609: Office Pets

A Thousand Things to Talk About
A Thousand Things to Talk About
609: Office Pets

How do you feel about pets in the office?

Full episode script

As I’m typing the script for this particular episode, I’ve got a cat laying across one one my hands, insisting that I don’t move it more than a few inches. That, however, is because podcast HQ is also known as my personal living room.


When you start talking about more traditional office environments, though, cats (and more often dogs) are a whole different discussion point. According to the Society of Human Resource Management in 2016, 7 percent of employers now allow pets to come to work with their owners. That’s up from 5 percent five years ago.


There’s a lot to be said for pets in the office, with some research arguing that having pets around can help reduce stress, increase productivity, and do more to recognize the work-life balance that more workers are demanding.


On the other hand, pets in the office isn’t always a slam-dunk joy that everyone appreciates. About 30 percent of Americans have allergies to cats and/or dogs, and a dog that isn’t well-behaved can really ruin everyone’s experience of furry friends.


One study quoted by Scientific American found that 20 percent of people in an office with dogs reported less stress, while 20 percent reported more stress. And 60 percent didn’t really report one direction or the other. And there’s a lot of details that need to be worked out – like if it’s OK or a small dog to end up on a conference table, or what the company policy on an indoor piddling accident may be.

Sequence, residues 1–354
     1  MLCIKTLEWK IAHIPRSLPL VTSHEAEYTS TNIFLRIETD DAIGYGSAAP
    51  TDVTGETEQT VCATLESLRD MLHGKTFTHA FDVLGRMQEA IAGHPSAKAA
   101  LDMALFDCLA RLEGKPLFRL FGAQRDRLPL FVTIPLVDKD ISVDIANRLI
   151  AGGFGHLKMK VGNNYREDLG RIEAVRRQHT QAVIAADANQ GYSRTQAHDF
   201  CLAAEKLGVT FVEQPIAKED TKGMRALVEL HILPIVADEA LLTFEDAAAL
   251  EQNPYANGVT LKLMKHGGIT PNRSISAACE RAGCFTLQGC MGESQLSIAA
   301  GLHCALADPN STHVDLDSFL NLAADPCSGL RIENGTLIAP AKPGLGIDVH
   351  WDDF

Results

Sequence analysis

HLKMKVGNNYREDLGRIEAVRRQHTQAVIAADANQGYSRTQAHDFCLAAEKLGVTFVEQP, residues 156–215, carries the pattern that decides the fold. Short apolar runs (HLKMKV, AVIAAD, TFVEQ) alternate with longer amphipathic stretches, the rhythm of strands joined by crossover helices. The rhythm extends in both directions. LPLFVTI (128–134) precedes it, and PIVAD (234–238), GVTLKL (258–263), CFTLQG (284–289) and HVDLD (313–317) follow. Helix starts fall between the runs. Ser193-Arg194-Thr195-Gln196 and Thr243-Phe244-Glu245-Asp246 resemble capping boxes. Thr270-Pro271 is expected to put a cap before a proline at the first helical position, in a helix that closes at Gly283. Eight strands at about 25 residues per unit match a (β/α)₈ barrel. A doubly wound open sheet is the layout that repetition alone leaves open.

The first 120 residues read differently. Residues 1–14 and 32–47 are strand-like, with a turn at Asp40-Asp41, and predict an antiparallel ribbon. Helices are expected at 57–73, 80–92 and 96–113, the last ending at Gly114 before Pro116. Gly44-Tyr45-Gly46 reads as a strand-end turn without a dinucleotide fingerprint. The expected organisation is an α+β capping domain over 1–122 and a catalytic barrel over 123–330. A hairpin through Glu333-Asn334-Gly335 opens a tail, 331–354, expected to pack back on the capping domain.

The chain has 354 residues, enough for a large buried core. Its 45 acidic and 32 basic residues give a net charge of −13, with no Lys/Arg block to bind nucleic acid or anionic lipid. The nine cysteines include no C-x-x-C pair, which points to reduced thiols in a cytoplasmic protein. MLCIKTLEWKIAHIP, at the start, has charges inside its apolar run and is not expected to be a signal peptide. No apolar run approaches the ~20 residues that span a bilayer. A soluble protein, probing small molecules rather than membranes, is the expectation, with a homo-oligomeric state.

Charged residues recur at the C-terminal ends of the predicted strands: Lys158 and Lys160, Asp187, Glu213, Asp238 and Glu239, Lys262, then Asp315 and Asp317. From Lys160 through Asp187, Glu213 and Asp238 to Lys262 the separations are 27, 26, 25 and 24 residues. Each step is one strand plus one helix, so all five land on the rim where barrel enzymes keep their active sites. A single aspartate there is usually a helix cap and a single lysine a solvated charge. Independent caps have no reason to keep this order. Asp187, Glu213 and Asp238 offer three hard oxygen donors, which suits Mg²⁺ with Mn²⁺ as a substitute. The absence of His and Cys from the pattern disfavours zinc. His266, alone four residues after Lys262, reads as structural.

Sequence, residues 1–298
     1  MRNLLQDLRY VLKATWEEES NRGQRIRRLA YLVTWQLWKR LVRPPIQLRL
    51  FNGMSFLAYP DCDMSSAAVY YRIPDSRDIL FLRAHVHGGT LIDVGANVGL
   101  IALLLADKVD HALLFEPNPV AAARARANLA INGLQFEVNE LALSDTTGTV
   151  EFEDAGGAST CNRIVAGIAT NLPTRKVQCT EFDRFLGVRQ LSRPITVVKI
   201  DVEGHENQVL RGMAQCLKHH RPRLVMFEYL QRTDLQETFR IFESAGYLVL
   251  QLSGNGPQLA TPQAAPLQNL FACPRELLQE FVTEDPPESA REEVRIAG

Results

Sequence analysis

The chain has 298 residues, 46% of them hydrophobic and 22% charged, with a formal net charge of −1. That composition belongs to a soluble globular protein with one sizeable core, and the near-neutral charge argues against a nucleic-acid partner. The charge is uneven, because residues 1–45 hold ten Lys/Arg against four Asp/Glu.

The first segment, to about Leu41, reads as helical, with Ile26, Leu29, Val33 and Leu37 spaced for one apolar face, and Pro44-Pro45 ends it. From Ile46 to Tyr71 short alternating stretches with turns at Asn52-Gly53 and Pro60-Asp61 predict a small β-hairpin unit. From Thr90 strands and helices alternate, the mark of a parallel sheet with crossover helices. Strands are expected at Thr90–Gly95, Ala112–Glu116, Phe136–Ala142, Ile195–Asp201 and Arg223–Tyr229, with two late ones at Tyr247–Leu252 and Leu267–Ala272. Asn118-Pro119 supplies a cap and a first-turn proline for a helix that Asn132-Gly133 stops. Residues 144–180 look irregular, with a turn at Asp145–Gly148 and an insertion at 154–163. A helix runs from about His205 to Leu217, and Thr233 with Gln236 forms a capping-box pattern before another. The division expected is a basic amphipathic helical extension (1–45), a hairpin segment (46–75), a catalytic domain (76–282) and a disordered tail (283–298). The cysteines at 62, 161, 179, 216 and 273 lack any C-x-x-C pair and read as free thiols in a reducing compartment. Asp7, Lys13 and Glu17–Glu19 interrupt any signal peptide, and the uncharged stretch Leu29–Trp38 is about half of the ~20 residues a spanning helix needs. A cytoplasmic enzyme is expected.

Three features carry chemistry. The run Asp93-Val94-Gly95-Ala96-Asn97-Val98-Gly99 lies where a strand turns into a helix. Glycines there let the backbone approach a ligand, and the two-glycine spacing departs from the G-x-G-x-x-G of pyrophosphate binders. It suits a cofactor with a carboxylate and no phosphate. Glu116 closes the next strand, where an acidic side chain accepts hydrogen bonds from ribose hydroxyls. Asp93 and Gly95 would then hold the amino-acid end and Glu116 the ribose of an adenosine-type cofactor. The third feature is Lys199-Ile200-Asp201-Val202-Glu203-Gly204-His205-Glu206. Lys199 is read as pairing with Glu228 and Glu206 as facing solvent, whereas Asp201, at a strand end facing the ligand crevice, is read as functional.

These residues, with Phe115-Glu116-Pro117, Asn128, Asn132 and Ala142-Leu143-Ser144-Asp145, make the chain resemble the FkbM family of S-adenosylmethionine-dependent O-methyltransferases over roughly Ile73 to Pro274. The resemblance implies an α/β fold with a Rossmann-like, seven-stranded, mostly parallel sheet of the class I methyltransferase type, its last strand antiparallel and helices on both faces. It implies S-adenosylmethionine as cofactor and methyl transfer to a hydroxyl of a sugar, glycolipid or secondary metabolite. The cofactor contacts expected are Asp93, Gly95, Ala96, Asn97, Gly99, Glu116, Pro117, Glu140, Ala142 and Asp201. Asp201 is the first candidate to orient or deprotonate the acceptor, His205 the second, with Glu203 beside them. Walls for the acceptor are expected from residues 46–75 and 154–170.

And, also as Scientific American pointed out, quote:

Are we thinking about the animals themselves? One area that the research rarely seems to address is the pet’s response to being a workplace environment. There are obviously situations where pets should not be present: food service operations or manufacturing/factory settings where safety is a concern, for example. But pets may struggle in a normal office environment as well. Barbara J. King, emerita anthropology professor at the College of William and Mary, who has spent her career researching on, writing about, and advocating for animals, pointed out in an email to me that the research is biased in our favor. We’re thinking about our needs and how our pets help us, but we are not considering what they may need from their environment in these cases.

This script may vary from the actual episode transcript.